A self-imposed ban, it was. For several months- last year’s ending, this year’s beginning- I put the kibosh on all further posts until I completed a chunk of to-doing needing to be done. The result, post, I did not, though, a tumbling of thoughts still came and now reside in various states of completion, most often recorded in the wee hours of the morning, scrawled out in the dark on the nightstand notepad, easing the frenzy of thought in the moment at least, and done with a hope and prayer for legibility come daylight. Among such thoughts, the rending of heart I experienced in viewing the movie Bug some time back now. Packaged to look like just another in the line of horror flicks, I found it offered a most unexpected lesson.
A lonely woman, Agnes, played by the oh-so-lovely Ashley Judd, lives in a run-of-the-mill motel room. Through her one and only friend, she meets a drifter named Peter played by Michael Shannon, and in the want of a companion and the need of a connection, the two quickly bond. Her troubled history as a victim of spousal abuse and the devastating loss of a child have crippled her emotionally, and she’s easily susceptible to what is revealed as Peter’s fixation on the Army, on his belief that they’ve done multiple experimental tests on him, specifically, placed tiny bugs under his skin, with the intent to find and follow him anywhere and everywhere. A case of folie à deux takes hold, it seems, “a madness shared by two,” in which a paranoid or delusional belief is transmitted from one individual to another. Oh, what the mind will create, what it will fill in to meet the needs of the heart!
As the story builds, a sickening compulsion to free themselves of the bugs sets in under a heavy blanket of paranoia. There comes a heightened, feverishly climactic point where Agnes and Peter are feeding off each other intellectually, birthing all these ideas, and my God, he was so lovin’ her, she’d rung his bell, drank the kool-aid, took the cart and ran all the way to China, and I was laid low with realization. So damaged were they, that when presented with the fulfillment of their afore mentioned want and need, that of companionship and connection, they blew right past it, letting it all go in a lust to carry out their fixation, ultimate bug removal, annihilation. The credits rolled and I sat on the brink of tears feeling very much that Bug was an absolute love story, at its very core, an entreaty to care for one another.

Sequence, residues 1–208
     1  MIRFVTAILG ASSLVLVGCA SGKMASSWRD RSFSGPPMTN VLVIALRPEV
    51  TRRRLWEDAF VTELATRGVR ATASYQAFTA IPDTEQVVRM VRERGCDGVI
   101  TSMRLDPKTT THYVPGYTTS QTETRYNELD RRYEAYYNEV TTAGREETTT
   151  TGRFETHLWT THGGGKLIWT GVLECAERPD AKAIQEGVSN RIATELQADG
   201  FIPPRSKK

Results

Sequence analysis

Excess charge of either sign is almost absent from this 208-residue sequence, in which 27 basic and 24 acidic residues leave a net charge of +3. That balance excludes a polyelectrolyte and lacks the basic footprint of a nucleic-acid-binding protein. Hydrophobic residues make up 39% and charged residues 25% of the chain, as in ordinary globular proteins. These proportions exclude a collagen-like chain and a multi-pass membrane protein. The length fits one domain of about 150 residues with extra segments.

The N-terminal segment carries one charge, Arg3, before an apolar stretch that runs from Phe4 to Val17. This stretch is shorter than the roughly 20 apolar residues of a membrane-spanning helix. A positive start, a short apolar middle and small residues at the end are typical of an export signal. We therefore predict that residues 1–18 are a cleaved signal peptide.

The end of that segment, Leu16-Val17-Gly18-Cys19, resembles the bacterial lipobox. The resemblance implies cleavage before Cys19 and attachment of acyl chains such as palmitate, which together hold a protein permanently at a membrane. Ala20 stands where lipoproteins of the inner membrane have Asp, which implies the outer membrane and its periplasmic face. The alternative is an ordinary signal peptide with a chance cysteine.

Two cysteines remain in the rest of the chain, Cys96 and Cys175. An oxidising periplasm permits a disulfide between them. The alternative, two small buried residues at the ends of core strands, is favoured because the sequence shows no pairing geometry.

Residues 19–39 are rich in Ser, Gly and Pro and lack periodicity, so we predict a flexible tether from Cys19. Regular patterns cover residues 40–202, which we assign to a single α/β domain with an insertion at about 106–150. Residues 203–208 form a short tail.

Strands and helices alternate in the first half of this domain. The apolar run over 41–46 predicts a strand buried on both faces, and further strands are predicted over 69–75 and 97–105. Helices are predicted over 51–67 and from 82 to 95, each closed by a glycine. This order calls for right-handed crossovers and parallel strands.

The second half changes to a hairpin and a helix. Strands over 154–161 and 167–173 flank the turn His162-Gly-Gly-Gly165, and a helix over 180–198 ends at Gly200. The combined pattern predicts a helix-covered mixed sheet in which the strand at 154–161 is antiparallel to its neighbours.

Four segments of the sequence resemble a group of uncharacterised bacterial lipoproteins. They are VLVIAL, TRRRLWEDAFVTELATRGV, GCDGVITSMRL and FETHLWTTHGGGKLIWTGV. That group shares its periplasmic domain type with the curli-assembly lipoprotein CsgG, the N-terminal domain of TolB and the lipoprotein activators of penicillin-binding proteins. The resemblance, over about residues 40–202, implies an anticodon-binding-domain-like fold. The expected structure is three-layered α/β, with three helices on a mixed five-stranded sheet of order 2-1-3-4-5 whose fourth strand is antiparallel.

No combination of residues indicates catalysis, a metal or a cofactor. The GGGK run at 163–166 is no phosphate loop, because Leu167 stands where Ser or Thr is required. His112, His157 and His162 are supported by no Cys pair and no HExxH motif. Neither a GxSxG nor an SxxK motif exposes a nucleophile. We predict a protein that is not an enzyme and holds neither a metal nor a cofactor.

He spoke of the very thing I’d taken from the story, his hope that the film would implore others to take better care of one another.
Ended up watching the special features (nevermind that I always watch them) in hopes of catching a glimmer of validation in my analytical pondering. Turns out the movie was based on a play, the script adapted by the playwright, and starred none other than Michael Shannon in the role of Peter for many, many a performance, over the course of a few years, in fact. That certainly explains away what I noted as the single most at ease and seemingly comfortable performance in the buff by an actor I’ve seen in an American feature film to date. In Shannon’s summation via featurette, he spoke of the very thing I’d taken from the story, his hope that the film would implore others to take better care of one another.
Truly, there is such a need present in this world to do just that, take care, care of one another. Because we’re busy, it’s inconvenient, we often put it off, placating any guilt with starry-eyed resolutions to do it all “when.” When there’s time, when we’ve finished “abc”, when we feel like it. Though to that, I ask, when will we be busy, when will it ever again not be inconvenient, when will there be time enough, not another “xyz” on the heels of that “abc”, and when will many, if any, ever feel like it? I ask that of myself, most of all, as I’ve been far too scattered in consistently balancing this, that, and the other over the last few passing years to the detriment of those I would and should be better spending my time on, and with. Sometimes feel like I’ve tried to take a fraction, that of one-third, and turn it to a decimal, 0.3333333 … and am stuck on the infinity of .3333333 … can I just round up, already? To a place that’s whole, with minimal daily foofah, where I’m not mired down and overly contained in caring for the business of “me,” for, there are matters of greater importance, more hearts for engaging and though this particular one may get tromped on in the process, the rewards are worth it. Not every time, but enough of the time. I want less of me, and more, much more, of others. ♦